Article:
By Nicoletta Pappas
Winning homecoming royalty comes with the right to a real diamond crown and bragging rights. This year, five women and men battled for the title, appearing at the daily festivities leading up to the coronation to spread their name around campus. The stereotype that runs with any type of election is that the winner must be the most “popular” candidate. But this stereotype is inaccurate. Most UT students don’t know or care about homecoming, ignoring all the work that goes into running, campaigning and preparing. School spirit on campus is lacking, and students should take more pride in students spending time during their busy lives to represent this school.
In my high school, the eligibility to run for homecoming king and queen was done by simply raising your hand at general assembly. No application process, no campaigning. Here, this is far from the case. One must apply and be accepted to be apart of the homecoming court, not simply randomly decide to run. The “Royalty Packet” application is run by Student Productions and requires senior students to bypass a number of qualifying requirements. This process deters any “popular” student from running. They must have a 2.75 GPA, answer essay questions and even sign up for an interview. Applicants must prove themselves as a dedicated UT student by attending all homecoming events and programs throughout the week. This is no easy application that one can fill out in five minutes, hoping they will win because everyone on campus thinks “they’re cool.”
Almost all of the applicants this year are part of multiple organizations on campus. They may be well known within their organizations, but the majority of unaffiliated UT students would have no idea who they were. They also seem not to care who they are, considering only 1,150 votes were cast. These votes came from a student body of about 7,000. Applicants had to market themselves to the entirety of the UT community, specifically targeting students they don’t know, but they could only target so many. Targeting students by sending out global emails or using face-to-face interactions to explain their platform only convinced about one seventh of the school to vote. This could be due to the laborious process of signing into OrgSync and selecting the correct link. No one wants to go out of their busy lives to vote for a person they don’t know.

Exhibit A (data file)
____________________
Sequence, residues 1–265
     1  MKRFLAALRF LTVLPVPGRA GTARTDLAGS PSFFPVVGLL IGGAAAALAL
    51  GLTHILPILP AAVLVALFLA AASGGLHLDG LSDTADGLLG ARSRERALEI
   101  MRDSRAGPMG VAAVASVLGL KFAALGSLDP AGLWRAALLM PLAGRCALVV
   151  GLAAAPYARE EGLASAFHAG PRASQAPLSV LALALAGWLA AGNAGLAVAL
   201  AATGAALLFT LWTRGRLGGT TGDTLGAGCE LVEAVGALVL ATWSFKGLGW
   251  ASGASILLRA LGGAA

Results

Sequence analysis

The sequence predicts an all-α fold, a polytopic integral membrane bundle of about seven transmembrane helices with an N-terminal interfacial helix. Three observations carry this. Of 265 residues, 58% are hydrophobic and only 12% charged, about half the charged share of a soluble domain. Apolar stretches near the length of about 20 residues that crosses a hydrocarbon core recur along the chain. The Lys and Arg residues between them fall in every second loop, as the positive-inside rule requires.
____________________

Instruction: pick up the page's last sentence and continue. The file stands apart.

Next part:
Senior candidate Jordan Fink walked around with iPads, telling students her platform and asking them to vote for her. Her direct approach could have yielded her the victory had she done that every day of voting.
The root of the problem is that many seem disinterested about who homecoming queen or king is, nor do they care about homecoming in general. “I have never been to one homecoming game or event the three years I have attended UT,” says Junior Amelia Hershede. Others, like Junior Scotty Hilliard, claim that they have no idea who any of the names are and just pick the coolest name on the list. This small sample of students interviewed provides shows that a lot of work is going into something that yields little results. Interest arises when students are directly engaged and feel invested or pride in the cause they are voting for. That’s what determines winners. Those who are less interested in the cause they are voting for are less likely to take time out of their day to vote, says a study by the Pew Research Center. Popularity aside, the more interest Homecoming receives, the better chance a candidate has of winning.
Our growing student body should take the time to attend homecoming events and show more support to our seniors. Candidates work hard to compete against others and prove themselves as the most worthy. We are not in high school anymore. The UT community is so large that it is not possible for one student to know everyone. They have to work hard to get to know everyone and convince them to log into OrgSync and vote. Maybe OrgSync is to blame. If we didn’t have to keep changing our spartan password and forgetting it, maybe more of us would have voted.